What will “independent” John Smith’s views be on holding the police to account, and how will voters know? What guarantee can there be that his independent views, whatever they are, will remain consistent, were he to be elected? What checks will there be, and from whom, to ensure this independent sticks to his campaign promises? And can residents be sure he will exercise effective oversight of a Chief Constable who recommended him for his current job?

Contrast such an independent candidate with me, running as a Conservative. Voters know what they will get from me on law and order – effectiveness and efficiency, support for frontline officers and putting the victims of crime first. If there were any question of me deviating from that position, there would be plenty of people, not least in my own party, ready to haul me over the coals. There is a democratic party structure which delivers checks and balances and protects voters. Independents have none of this to worry about. Once elected, they can do as much, or as little, as they please.

In the past few months, I have met community groups, parish councils, MPs, and councillors of all parties and none, across this region. As a former councillor myself, I know how important this direct contact is. I have talked to hundreds of party members, alongside members of the general public and serving police officers. A key role of the PCC is to be the voice of the public. My political links and experience would mean I’d have no choice but to be accountable to the public. I couldn’t get away with avoiding public meetings or not responding to concerns raised by the public. There is no way I, as a party politician, could retreat to a cosy cabal of advisers and cronies, even if I wanted to.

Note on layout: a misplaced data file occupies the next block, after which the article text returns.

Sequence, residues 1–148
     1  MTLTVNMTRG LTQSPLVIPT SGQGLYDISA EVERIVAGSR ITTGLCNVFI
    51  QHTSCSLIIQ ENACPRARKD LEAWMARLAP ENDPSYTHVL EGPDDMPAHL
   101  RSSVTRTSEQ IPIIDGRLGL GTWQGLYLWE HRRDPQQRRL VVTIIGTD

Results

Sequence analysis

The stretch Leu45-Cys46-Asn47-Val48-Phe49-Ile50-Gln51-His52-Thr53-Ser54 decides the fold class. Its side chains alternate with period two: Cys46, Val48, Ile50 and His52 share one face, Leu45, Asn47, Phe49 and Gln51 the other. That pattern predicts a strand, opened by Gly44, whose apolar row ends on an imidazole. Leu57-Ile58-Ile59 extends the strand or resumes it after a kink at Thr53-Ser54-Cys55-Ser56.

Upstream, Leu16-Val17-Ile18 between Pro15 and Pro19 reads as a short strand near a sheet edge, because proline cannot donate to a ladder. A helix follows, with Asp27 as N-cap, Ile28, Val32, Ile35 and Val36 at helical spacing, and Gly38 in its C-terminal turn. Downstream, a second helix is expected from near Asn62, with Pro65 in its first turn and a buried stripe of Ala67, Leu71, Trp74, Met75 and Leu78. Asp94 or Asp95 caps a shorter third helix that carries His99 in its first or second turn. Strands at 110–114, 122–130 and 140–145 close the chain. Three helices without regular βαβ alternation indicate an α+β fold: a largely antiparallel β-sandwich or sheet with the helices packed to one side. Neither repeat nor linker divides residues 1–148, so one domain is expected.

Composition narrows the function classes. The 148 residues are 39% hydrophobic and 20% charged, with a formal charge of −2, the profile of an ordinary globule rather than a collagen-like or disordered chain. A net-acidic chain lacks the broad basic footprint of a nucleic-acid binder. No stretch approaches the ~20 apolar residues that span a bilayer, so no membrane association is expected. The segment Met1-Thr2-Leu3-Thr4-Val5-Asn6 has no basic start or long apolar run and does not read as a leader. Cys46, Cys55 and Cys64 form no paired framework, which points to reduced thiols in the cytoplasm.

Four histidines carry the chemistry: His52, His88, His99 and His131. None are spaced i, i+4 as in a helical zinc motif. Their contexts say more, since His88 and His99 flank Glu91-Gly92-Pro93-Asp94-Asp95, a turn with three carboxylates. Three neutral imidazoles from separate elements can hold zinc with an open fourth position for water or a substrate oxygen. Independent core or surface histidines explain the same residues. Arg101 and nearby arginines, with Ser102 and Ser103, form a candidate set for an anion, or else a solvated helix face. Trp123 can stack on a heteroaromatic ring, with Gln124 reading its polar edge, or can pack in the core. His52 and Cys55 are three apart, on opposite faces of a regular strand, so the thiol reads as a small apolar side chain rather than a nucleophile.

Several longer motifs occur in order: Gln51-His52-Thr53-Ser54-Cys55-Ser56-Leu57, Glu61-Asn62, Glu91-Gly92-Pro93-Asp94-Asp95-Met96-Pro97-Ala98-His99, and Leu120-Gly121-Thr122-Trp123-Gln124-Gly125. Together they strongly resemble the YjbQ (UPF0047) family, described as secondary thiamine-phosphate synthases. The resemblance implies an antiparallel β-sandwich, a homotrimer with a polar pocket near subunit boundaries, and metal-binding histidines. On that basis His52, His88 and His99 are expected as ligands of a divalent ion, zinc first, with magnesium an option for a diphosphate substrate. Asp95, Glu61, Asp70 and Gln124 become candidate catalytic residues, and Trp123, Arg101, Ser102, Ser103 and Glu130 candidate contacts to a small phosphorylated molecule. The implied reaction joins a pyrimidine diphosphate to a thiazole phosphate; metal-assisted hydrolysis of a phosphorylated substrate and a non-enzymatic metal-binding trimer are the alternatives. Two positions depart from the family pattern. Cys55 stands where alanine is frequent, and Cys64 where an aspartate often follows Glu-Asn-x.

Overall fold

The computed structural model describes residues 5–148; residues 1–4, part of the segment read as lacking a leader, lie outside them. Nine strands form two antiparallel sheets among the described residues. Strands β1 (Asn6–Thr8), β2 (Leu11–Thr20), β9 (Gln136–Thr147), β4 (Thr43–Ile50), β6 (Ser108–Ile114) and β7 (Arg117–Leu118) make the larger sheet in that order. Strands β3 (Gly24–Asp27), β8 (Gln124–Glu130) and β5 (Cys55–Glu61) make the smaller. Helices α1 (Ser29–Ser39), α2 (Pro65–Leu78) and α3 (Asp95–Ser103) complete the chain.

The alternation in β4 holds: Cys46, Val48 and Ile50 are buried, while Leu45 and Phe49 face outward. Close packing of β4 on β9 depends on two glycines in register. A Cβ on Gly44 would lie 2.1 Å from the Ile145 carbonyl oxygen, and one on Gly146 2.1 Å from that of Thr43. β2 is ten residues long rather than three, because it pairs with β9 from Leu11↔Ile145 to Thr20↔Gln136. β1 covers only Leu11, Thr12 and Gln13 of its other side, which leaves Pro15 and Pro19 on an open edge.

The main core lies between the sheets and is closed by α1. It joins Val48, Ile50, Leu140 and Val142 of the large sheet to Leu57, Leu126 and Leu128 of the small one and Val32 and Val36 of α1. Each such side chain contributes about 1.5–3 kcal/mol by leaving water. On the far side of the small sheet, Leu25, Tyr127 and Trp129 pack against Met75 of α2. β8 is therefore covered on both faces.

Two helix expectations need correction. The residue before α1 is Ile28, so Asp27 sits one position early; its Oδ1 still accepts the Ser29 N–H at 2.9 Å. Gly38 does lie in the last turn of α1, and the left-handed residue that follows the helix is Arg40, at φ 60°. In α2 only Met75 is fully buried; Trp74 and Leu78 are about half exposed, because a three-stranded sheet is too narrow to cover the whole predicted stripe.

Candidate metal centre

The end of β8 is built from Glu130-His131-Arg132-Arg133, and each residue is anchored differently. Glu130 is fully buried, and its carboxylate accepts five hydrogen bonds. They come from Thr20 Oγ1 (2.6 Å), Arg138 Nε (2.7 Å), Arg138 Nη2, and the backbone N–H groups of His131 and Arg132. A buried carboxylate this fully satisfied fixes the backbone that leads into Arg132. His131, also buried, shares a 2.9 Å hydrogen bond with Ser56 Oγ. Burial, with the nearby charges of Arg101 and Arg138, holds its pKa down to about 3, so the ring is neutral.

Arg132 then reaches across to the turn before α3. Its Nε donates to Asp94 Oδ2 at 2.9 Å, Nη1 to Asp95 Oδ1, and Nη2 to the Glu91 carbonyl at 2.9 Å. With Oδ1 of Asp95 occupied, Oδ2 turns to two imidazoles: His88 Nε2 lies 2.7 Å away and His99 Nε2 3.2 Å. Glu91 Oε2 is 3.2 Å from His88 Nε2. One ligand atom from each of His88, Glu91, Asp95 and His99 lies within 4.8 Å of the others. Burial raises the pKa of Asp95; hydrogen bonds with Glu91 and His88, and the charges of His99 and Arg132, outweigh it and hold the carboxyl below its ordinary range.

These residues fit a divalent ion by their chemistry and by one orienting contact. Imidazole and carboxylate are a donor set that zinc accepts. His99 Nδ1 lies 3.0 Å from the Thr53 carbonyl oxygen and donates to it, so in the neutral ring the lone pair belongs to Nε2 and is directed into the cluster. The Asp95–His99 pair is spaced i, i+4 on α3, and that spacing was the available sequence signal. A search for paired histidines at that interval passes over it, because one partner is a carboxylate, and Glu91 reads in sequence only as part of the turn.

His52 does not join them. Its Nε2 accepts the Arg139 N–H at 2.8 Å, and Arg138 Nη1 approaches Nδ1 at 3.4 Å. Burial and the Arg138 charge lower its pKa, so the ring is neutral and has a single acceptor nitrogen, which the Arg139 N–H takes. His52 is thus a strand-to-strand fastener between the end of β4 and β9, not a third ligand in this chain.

An independent PCC like Mountstevens or her prospective replacement, John Smith, is indeed independent of the day-to-day scrutiny which any party politician has to deal with, and especially Conservative politicians when it comes to law and order. The public know we have to deliver. It’s a leap into the dark with independents.

Across the West of England, the notion that those overseeing the local police should be ‘independent’ is an idea whose time has gone. Roll on the PCC elections next May. From what local residents are telling me, they can’t come soon enough.

Neil O’Brien: The next algorithm disaster – coming to a Conservative constituency near you. This time, it’s housing growth.

24 Aug

Neil O’Brien is MP for Harborough.

Algorithms have been in the news, not for good reasons. One lesson from the A-levels row is that principles which seem reasonable can lead to outcomes you don’t expect. Another algorithm’s coming down the tracks: the new formula for how many houses must be built in different places. There are few with higher stakes.

I wrote about the housing White Paper in my last column: it proposes not just to change the methodology for assessing housing need, but also to make a standard methodology compulsory for the first time. In other words, if we don’t like the results of the new algorithm, we’ll have blocked off the emergency exits.

The new algorithm is set out here. It’s not particularly easy to read. For example, one of many factors is set out in bullet point 30:

Adjustment Factor = [( Local affordability factor t = 0 – 4 4) x 0.25) + (Local affordability ratio t = 0 – Local affordability ratio t = 10) x 0.25] +1 Where t = 0 is current yearr and t = -10 is 10 years back.